In several major departures from its earlier travel ban, the Trump administration’s new order issued on Monday temporarily bars citizens of six Muslim-majority nations from entering the United States and allows all those who have valid visas.
The new order also doesn’t indefinitely bar Syrian refugees, as proposed in the earlier one, and, in yet another change, removes a provision prioritising Christians fleeing persecution from Christian-minority parts of the world.
It goes into effect from March 16, not immediately.
President Donald Trump signed the new order in the White House, but without the fanfare, photo-ops and remarks that accompanied the earlier order, which was mired in controversy from the minute it rolled out on January 27.
Details of the new travel ban were announced instead by secretaries of state and homeland security Rex Tillersen and John Kelly and attorney general Jeff Sessions - heads of the departments that will play critical roles in its implementation.
The purpose, as before, was to prevent terrorists — “bad dudes”, Trump has called them — from entering the US.
“This revised order will bolster security of the US and her allies,” Tillersen said in a rare news appearance. “The American people can have confidence we are identifying ways to improve the vetting process; keep terrorists from entering.”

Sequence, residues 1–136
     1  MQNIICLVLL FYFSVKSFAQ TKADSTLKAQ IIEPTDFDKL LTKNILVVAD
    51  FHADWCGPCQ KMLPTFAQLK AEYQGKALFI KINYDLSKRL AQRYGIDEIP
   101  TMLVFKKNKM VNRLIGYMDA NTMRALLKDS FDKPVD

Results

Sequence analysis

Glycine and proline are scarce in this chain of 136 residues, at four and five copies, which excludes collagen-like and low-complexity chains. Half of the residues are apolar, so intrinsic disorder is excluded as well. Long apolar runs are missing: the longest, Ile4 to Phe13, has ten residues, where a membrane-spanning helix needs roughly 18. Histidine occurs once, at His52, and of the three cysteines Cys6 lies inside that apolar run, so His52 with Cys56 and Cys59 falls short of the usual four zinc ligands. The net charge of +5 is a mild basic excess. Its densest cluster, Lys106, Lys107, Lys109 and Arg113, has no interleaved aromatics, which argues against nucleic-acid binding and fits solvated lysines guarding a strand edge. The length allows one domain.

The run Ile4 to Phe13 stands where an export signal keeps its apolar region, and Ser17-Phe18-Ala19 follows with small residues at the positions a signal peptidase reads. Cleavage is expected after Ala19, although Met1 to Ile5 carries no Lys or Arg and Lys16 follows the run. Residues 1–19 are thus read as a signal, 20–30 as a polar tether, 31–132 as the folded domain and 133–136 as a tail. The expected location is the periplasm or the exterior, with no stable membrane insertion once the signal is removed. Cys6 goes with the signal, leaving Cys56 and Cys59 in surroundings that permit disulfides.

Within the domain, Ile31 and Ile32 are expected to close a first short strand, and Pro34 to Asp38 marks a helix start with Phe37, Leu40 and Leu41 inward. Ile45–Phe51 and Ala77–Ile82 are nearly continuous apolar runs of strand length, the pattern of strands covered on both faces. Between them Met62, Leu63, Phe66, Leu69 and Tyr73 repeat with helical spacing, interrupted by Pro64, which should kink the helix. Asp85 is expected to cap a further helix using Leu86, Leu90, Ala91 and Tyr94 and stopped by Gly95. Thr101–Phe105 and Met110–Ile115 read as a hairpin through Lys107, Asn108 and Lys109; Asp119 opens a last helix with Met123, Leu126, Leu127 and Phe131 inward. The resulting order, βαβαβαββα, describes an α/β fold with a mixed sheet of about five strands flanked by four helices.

Sessions said, “The majority of people convicted in our courts for terrorism-related offenses since 9/11 came here from abroad. We also know that people seeking to support or commit terrorist attacks here will try to enter through our refugee program. In fact, today more than 300 people who came here as refugees are under FBI investigation for potential terrorism-related activities.”
The new order is limited in scope and nature. It applies to six countries, against seven in the earlier order, with Iraq being dropped under pressure from Iraq and the US departments of defense and state, which argued that the country is a crucial ally in the fight against Islamic State.
The new ban applies to all citizens of Iran, Somalia, Sudan, Yemen, Libya and Syria, and will be in effect for 90 days. All refugees will be barred from entering for 120 days, and on resumption, the annual intake will be down to 50,000.
About the decision to drop Iraq, the homeland security said in a factsheet: “On the basis of negotiations that have taken place between the government of Iraq and the US Department of State in the last month, Iraq will increase cooperation with the US government on the vetting of its citizens applying for a visa to travel to the US.”
During the period of the temporary ban, the government will put in place a system of “extreme vetting”, Sessions said at the press appearance, “This executive order protects the American people by putting in place an enhanced screening and vetting process for visitors from six nations.”
The administration has 10 days to implement the new order, unlike the previous one which went into effect immediately, creating chaos and confusion at airports around the US and the world.
That order, which stands revoked, was immediately challenged in courts, and successfully freed up those arrested or detained. A federal bench in Washington state followed up, slapping a country-wide stay that was upheld later by an appeals court.